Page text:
Maybe my concerns in the end will amount to nothing, I surely hope so. But I remain steadfast in my opinion that the Harriton Association needs some shaking up on the board including a new president of the board, and that this current ED is simply not the right fit. Being a historical reenactor does not make them a good ED does it? More to running a historic site than playing dress up around the region right?
Thank goodness my rights which were assisted in happening once upon a time by Harriton’s Charles Thomson allow me to express my opinions.
I fell in love with historic Harriton House when I was 12. I volunteered there for oh so many years, and still visited after I moved to Chester County. After I moved to Chester County, I actually introduced my husband and others to the place.
And part of why I loved the place so much, was the man who made Harriton House his life‘s work for almost 50 years, Bruce Cooper Gill. He literally made Harriton what it became. Or that is how I feel.
But Mr. Gill is no longer with Harriton House. There is a new executive director. She’s not so new at this point she’s been there almost a year. I think she was the wrong choice. And I’m allowed to have that opinion.
This year I will not be renewing my annual membership. I didn’t even go to the fair this year. I had been down near Harriton a couple of times after medical appointments in 2022, and I don’t like the way the property feels now.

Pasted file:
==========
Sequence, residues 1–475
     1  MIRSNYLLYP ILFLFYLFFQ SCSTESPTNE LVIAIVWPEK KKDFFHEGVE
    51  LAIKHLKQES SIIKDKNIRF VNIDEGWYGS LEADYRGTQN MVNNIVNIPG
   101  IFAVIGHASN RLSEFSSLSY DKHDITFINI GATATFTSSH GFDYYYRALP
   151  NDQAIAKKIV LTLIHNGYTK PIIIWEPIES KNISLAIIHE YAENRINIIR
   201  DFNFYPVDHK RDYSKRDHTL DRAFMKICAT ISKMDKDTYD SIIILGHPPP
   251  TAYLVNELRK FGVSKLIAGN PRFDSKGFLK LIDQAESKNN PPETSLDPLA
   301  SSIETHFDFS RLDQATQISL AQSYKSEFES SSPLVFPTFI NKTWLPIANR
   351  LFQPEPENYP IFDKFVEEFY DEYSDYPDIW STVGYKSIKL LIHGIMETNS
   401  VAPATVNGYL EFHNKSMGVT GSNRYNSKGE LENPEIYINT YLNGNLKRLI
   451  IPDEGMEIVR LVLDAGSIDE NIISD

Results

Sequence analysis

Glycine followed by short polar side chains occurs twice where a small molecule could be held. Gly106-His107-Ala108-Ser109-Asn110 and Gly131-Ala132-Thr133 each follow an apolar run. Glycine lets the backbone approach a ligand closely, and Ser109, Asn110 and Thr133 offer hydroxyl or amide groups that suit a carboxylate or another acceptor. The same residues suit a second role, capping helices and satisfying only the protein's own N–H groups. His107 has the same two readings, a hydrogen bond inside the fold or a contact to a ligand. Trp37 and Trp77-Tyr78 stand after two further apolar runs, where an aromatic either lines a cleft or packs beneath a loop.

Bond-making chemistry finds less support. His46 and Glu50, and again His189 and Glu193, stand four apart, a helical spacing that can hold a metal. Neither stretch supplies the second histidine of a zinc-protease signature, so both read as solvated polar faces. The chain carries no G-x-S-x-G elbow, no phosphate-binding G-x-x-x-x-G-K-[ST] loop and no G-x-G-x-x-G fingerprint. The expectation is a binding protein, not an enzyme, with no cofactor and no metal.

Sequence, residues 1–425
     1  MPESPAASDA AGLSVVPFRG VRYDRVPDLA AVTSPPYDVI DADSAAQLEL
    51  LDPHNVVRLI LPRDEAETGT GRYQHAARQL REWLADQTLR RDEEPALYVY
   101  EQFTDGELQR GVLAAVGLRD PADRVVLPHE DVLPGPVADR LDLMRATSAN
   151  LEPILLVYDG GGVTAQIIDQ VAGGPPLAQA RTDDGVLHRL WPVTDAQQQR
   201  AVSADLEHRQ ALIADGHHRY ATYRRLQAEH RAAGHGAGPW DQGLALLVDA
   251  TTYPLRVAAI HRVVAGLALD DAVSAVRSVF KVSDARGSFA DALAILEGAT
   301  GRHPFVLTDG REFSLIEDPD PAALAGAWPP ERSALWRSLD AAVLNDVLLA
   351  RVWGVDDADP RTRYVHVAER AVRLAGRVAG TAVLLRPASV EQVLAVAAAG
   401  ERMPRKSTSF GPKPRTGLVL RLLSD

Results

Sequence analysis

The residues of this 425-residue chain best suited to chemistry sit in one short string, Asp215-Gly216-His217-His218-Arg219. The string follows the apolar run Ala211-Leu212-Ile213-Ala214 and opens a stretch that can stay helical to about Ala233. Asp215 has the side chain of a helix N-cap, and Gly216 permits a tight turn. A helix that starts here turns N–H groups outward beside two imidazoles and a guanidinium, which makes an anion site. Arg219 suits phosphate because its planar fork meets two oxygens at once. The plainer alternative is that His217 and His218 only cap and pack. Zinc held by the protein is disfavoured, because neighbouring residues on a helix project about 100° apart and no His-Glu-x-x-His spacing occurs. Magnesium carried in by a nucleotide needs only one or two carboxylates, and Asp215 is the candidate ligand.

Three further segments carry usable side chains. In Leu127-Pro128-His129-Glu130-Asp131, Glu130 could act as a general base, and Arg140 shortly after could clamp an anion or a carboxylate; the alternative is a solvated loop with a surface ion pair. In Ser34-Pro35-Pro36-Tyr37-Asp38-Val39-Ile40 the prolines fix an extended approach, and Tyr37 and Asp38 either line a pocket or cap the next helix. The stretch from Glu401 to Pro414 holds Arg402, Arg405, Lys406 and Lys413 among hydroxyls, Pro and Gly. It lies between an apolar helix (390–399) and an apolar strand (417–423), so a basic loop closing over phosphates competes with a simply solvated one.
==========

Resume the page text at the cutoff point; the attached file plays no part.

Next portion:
Harriton House had always been a happy place for me, which is why I did a quick drive-by. I just wanted to see the place. It was almost like going back to look at your childhood home after your parents sold it.
I thought then that Harriton looked a little sad. The way I understand the arrangement is Lower Merion Township owns the land, but the Harriton Association owns the structures.
As I was growing up, and as an adult, I watched as they raised the money for Harriton and did the work and acquired the parcel that exists today piece by piece. It was very exciting. It was such a fine example of historic preservation in action.
When Harriton turned 300 years old a bunch of years ago now I actually got Harriton House on The Today Show. Willard Scott wished the house a happy 300th birthday. How it happened is my mother had some kind of a connection to Willard’s executive assistant, because of some other charity work she had done years before.
When they acquired what was the education center, which was formally the domicile of a little old lady who was quite the pack rat, I helped plant the first sunken garden in the ruin adjacent to it. There were other garden clubs involved caring for flowerbeds and other gardening at the site, but no one had done anything with this one area and first plants were purchased and I planted them as an act of volunteerism. After that initial time, a garden club took over and that was one of my favorite garden areas on the whole property for years. I forget which garden club it was, but they made it simply fabulous! It was gorgeous!
And that was one of the things that I noticed when I went by this summer in addition to the fence being gone from the front of the house. It didn’t seem like anybody was really tending to any garden beds any longer and that also made me sad. It was at that point that I decided I was kind of done with Harriton.